Click on image for a full screen view

On first trip to Hamilton May 22, 2002

Alex Howard 

-- John D. Leitch --
(Canadian Century 1967 - 2002)

by George Wharton

This unique traditional styled Great Lakes, self-unloading bulk carrier was built by Port Weller Dry Docks, St. Catharines, ON (hull #41). She was christened Canadian Century for Upper Lakes Group, Inc., Toronto, ON on April 15, 1967 by Mrs. G.E. Gathercole, wife of the Chairman of the Hydro Electric Power Commission of Ontario. The Leitch is powered by a Burmeister & Wain type 574 VT2F 160 diesel engine rated at 7,394 b.h.p. at 115 r.p.m. burning intermediate grade 180 fuel driving a controllable pitch propeller giving the vessel at service speed of 14.5 knots. She is equipped with a 1,000 horsepower bow thruster. Her enormous single hold is fed by 22 hatches. She can carry 25,700 tons at maximum Seaway draft of 26 feet and is capable of carrying 31,600 tons at her maximum mid-summer draft of 29 feet 4 1/2 inches. Capacities include 465 tonnes of fuel oil, 75 tonnes of diesel oil, 186 tonnes of potable water, and 17,348 tonnes of water ballast.

The John D. Leitch's original self-unloading system consisted of a single center-line conveyor belt gravity system with a 300-ton reclaimer feeding a bucket/hopper elevator system leading to a forward-mounted 250 foot discharge boom. The reclaimer consisted of 2 auger screws, each 26 feet long and 7 feet high. As they would turn, the cargo would be forced forward to the bucket elevator system. It could discharge at a rate of up to 4,000 tonnes per hour. Due to the technological advances in self-unloading systems, the Canadian Century's bucket elevator system was replaced in 1975/76 with a modern loop belt elevator system. The system can now discharge at a rate of up to 4,572 tonnes per hour. The discharge boom can be swung 95 degrees to port or starboard.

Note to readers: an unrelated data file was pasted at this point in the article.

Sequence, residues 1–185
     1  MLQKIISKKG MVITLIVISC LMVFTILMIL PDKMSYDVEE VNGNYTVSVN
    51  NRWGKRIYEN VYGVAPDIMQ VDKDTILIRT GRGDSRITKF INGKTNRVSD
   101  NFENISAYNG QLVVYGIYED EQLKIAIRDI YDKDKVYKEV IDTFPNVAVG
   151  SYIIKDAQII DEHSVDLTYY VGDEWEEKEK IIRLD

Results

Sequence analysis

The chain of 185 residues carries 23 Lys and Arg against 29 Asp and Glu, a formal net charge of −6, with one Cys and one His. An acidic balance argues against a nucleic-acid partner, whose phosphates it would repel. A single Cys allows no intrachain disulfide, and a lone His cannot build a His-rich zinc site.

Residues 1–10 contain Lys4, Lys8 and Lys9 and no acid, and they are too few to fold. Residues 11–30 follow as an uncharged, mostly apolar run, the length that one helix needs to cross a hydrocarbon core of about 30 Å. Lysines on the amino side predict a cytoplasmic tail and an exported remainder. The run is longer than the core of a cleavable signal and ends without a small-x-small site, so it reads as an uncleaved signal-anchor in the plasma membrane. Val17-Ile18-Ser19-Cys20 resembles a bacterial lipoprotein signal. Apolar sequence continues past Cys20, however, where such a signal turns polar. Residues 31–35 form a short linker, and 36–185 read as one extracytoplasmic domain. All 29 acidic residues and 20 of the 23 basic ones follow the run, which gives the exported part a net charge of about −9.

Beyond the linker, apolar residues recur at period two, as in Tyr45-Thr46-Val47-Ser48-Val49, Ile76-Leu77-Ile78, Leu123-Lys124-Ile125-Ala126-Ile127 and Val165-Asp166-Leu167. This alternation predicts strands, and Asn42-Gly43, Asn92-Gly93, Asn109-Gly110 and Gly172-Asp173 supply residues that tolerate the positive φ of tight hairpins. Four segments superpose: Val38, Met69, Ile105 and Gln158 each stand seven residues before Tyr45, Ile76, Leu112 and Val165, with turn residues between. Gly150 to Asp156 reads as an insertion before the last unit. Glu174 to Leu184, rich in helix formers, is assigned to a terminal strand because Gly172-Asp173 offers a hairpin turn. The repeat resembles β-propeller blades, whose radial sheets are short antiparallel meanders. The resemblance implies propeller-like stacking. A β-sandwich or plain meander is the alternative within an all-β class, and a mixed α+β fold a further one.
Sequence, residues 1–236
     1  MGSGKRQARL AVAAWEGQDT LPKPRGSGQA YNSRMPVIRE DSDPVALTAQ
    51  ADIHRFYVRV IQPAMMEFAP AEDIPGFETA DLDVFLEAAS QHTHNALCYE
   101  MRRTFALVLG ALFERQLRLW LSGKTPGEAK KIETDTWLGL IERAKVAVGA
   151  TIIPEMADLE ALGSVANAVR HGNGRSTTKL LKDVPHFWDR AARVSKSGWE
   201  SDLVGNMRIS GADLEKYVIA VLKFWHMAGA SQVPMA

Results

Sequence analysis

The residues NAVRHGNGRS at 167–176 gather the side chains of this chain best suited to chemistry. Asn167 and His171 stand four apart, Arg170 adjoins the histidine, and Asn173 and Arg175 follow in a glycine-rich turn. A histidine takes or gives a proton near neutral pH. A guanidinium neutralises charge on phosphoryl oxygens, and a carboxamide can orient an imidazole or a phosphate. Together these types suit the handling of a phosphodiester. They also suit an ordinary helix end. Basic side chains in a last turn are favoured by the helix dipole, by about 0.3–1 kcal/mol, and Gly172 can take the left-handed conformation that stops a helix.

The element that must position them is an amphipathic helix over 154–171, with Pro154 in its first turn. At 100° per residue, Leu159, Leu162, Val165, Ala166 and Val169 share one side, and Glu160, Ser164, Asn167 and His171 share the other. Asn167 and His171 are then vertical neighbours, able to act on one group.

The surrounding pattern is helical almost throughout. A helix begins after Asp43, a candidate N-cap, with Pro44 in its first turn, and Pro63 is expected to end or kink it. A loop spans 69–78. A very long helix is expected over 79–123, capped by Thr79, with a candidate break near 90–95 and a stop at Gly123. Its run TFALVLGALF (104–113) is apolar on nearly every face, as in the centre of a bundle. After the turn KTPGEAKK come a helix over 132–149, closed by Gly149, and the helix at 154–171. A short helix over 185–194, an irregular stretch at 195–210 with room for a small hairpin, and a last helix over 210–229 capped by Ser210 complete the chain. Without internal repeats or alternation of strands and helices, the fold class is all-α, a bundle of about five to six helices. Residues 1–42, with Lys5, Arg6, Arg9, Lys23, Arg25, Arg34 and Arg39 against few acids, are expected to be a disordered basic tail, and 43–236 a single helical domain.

In December 2001 the Leitch entered Port Weller Dry Docks for a mid life refit. The $25-million (C) refit was similar to the work that the shipyard completed on the CSL Tadoussac the winter before. The bow and stern sections remained intact, along with most of the main deck. The cargo hold and the rest of the midsection were replaced with a new, larger cargo hold, a one-belt self-unloading system with a flat tank top. When it returned to service in May of 2002 it not only carried more cargo, but could operate more efficiently through the increased use of technology.

At the time of her launch, the vessel was the largest capacity self-unloading vessel on the Great Lakes. Her unique squared hull design reduced wasted space thus increasing her tonnage. Her tall wheelhouse and forward accommodations has given her the distinction of being known as the "little bank building on floats".